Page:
Unexpectedly Intriguing!
August 21, 2018

We've drilled down a bit deeper into the U.S. Census Bureau's data documenting the lifetime income trajectories that Americans have expect based on their level of education.

Previously, we looked just at those trajectories for all Americans with some work experience for the years from 2000 through 2016, which includes the data for Americans who work part time, who may only work part of a year, who may have exited the workforce, whether temporarily, such as to focus on raising children or because of layoffs or other job changes, or permanently, such as through retirement.

Now, we're focusing like a laser beam on Americans who work full-time, year-round and, as a bonus, we've expanded the data in our analysis to include all the years for which the Census Bureau has provided this information in a convenient digital format, which is to say since 1994. Our first chart shows the mean lifetime income trajectories for various levels of educational attainment for these full-time, year-round workers:

Mean Lifetime Income Trajectories by Education Level for Full-Time, Year-Round Workers as a Percentage of the Age 18-24 Cohort's Mean Income, 1994-2016

This chart reveals a clear difference in the education level-based lifetime income trajectories that Americans who work full-time, all year-round, where those who can sustain working at this pace can expect to have, on average, higher lifetime incomes with higher levels of educational attainment.

That income differentiation also carries from the very outset of their adult working lives, where incomes rise with higher levels of education. The following chart shows this data for 2016, which until September 2018 when the data for 2017 will be made public, represents the most recent year for which this data is available.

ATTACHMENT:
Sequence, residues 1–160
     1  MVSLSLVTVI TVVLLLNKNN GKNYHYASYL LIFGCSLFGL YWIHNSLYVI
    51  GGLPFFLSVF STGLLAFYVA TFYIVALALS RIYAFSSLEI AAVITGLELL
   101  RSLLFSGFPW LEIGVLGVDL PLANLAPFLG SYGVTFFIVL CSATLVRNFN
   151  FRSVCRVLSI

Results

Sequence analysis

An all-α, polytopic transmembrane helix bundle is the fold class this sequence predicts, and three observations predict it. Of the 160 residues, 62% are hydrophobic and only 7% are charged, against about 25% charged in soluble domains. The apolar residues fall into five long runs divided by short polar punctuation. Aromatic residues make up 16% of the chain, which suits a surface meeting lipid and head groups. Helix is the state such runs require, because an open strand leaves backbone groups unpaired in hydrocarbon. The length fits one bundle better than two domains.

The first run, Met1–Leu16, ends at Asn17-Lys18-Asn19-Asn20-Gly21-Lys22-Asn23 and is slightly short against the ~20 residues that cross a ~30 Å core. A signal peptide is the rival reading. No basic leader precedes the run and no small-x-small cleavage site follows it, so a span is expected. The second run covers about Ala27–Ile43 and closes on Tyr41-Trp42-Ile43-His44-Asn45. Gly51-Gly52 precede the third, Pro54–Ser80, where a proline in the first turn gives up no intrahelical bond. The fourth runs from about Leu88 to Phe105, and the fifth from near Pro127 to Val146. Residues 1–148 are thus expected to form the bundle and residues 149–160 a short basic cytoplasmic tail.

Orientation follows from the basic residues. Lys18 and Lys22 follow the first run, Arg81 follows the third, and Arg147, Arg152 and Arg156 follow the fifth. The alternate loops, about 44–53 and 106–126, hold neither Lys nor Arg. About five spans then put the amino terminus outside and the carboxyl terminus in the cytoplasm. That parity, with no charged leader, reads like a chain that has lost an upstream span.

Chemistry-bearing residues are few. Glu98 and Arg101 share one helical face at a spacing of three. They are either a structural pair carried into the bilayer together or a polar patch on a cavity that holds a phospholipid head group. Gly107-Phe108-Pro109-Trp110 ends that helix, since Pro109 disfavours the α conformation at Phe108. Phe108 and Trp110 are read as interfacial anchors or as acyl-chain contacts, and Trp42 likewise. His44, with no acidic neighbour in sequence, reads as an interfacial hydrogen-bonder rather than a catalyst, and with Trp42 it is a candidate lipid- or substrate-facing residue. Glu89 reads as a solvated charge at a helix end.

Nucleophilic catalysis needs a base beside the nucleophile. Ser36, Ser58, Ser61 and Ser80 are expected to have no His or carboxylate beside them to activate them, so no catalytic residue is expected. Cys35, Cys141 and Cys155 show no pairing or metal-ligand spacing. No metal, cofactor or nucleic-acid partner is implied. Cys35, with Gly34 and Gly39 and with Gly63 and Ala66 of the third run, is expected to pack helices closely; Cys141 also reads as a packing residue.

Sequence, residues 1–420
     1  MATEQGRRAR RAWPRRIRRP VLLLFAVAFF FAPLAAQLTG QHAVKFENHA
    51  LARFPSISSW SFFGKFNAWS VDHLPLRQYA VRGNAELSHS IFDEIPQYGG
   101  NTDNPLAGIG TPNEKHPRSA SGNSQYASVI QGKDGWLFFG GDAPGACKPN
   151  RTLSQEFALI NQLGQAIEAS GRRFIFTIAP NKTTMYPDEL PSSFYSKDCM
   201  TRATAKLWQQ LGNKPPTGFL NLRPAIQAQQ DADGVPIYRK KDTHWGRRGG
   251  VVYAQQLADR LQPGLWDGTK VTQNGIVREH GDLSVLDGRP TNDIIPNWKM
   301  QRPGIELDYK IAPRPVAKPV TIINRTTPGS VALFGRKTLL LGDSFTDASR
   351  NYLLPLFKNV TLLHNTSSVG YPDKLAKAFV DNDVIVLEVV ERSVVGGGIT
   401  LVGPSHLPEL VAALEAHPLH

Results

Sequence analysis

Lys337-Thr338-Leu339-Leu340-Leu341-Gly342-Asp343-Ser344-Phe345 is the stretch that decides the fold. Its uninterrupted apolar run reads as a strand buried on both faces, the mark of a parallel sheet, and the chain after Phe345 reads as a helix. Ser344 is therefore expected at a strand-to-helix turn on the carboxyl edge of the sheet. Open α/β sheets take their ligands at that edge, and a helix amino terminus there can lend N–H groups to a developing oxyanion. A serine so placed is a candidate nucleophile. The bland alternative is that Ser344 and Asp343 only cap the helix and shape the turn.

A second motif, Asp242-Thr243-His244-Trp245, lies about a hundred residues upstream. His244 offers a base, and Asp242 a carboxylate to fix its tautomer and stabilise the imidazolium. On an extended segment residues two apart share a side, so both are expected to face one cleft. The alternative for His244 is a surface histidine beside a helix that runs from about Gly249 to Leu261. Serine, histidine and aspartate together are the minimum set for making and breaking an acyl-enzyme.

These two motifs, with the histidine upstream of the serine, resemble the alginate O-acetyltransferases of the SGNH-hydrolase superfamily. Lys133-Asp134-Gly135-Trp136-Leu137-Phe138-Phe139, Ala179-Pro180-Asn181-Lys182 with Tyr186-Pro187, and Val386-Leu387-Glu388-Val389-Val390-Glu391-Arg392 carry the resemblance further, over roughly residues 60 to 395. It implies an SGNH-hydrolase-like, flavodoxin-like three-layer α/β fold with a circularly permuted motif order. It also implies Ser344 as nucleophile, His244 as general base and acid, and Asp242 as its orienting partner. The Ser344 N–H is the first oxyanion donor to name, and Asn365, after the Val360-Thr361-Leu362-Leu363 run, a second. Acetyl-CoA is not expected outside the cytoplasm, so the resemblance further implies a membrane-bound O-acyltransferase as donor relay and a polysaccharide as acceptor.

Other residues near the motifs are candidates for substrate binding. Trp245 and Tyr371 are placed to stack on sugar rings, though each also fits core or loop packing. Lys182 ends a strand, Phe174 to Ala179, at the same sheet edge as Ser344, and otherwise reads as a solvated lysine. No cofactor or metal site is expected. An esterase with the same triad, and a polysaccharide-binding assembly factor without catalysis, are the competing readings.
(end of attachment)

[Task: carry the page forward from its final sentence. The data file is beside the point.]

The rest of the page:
Mean Income for Age 18-24 Cohort Working Full-Time, Year-Round by Education Level, 2016

The pattern shown in the first chart is persistent from year-to-year in the Census Bureau's historical data, which provides confidence that the survey data is capturing the average lifetime income trajectories of Americans who work full-time, year-round. As an example of this persistence, the following chart shows the age-based incomes as a percentage of the mean income of the Age 18-24 cohort for Bachelor degree holders who work full-time, year-round.

Lifetime Income Trajectories for Bachelor Degree Holders Working Full-Time, Year-Round, as Percent of Mean Income of Age 18-24 Cohort, 1994-2016

While there is considerable variation from year to year, the overall pattern for lifetime income trajectories holds across the various levels of educational attainment and over what is now more than two decades worth of income data.


U.S. Census Bureau. Current Population Survey Tables for Personal Income. PINC-04. Educational Attainment--People 18 Years Old and Over, by Total Money Earnings, Work Experience, Age, Race, Hispanic Origin, and Sex. Both Sexes, All Races. Worked Full Time, Year Round. [Digital files: 1994, 1995, 1996, 1997, 1998, 1999, 2000, 2001, 2002, 2003, 2004, 2005, 2006, 2007, 2008, 2009, 2010, 2011, 2012, 2013, 2014, 2015, 2016]. Accessed 19 August 2018.

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